Ask him about significant moments growing up, and he pauses. “I can only pick out the negative ones. It’s not stuff that I’d have on record, a lot of shit that happened to me as a kid, and what happened around me.” Another pause, and then a smile. “My first electric guitar.”
“I grew up in an evangelical movement that literally demonised mental illness, saying it was demons,” says Le’aupepe. “That’s fucking bullshit.”
At two points this afternoon, Le’aupepe’s eyes moisten and he wipes away a tear. The first comes when recounting the moment he found out his ex-wife had passed – he was in the backyard of the band’s shared house in London, where they relocated earlier this year: “I spent a lot of time preparing for it… and then the thing we’re both scared of happening fucking happens but I can’t grieve that, I’m not there, I hadn’t spoken to her for two years” – the second comes when discussing the electric guitar he got as a 10 year-old. It’s not the instrument itself that elicits such emotion – though he loved it so dearly his mother has a photo of him sleeping with it as a kid – but the fact his parents saved so hard to afford the $250 price tag.
The visceral thrill he got when plugging that Squier Bullet Stratocaster into a tiny amp remains palpable. “The sheer raw fucking power of this abomination, this over driven guitar… I had been craving that electric guitar moment.”
Some days he wouldn’t go to school, opting instead to stay home and play. “It’s all I ever wanted to do,” he says. “I felt poisonous, no one wanted to be my friend. If you want to talk about my childhood, the only thing I can remember is feeling too smart for my own good, feeling too inquisitive, but also feeling fucking crippled and shy. But as soon as I had that in my hand…”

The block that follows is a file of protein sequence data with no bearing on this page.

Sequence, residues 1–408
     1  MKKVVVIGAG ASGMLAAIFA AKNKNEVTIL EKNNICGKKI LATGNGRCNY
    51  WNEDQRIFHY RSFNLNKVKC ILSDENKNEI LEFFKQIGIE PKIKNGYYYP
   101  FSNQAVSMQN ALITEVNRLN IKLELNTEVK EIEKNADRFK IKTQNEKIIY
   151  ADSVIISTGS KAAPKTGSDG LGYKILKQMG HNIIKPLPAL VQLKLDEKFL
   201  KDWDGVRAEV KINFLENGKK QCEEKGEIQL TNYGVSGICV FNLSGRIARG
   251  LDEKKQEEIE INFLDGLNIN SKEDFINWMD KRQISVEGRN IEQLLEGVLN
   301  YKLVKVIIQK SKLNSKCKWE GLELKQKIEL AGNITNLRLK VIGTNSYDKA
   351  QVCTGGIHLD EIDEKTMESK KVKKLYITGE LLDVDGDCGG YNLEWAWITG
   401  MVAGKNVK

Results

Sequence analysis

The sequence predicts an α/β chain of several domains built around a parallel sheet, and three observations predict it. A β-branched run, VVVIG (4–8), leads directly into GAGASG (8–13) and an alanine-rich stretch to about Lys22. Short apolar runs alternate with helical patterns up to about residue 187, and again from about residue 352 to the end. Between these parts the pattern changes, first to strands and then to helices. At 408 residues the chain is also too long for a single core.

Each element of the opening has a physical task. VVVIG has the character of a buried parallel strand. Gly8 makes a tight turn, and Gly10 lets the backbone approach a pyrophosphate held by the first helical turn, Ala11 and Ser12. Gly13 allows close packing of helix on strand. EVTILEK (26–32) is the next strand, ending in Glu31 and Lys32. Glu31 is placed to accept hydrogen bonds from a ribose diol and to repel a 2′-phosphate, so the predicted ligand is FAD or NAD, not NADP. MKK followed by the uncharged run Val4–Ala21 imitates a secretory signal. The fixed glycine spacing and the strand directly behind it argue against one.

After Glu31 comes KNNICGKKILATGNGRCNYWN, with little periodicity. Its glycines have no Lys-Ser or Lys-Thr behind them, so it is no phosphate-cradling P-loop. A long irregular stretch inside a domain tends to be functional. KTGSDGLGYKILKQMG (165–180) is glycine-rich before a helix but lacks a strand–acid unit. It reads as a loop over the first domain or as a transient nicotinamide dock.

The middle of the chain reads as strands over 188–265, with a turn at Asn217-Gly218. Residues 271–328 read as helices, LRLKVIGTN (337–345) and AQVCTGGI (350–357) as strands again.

You had the answer?
“No, it just gave me questions. But questions I knew I could answer myself.”
There was one child who wanted to be Le’aupepe’s friend, and that was Joji Malani. The two first met at Hillsong and bonded over the fact they had the same Chuck Taylor Hi-Tops. In Year 10, Malani had “crazy life changing surgery” whereby his right leg was extended to be the same length as his left, leaving him immobile and cooped up in his boarding school’s sick bay for much of the year. As his friends started “phasing [him] out”, Le’aupepe maintained regular visits. “Dave lived furthest away from me, but he’d trek it out and just come hang, bring guitars and jam. That was probably the time when me and Dave got the closest. It taught me a lot about people. I used to be a really extroverted, social person before my surgery, and after I just hung out with Dave.”
Malani’s family were prominent members of the Hillsong community, and he was warned of young Le’aupepe’s influence on him. Twice he told his friend that, as a result, they could no longer be pals, befopositre reconsidering: “Do I believe the people who forget my last name sometimes, or the guy who comes to see me when I can’t walk?”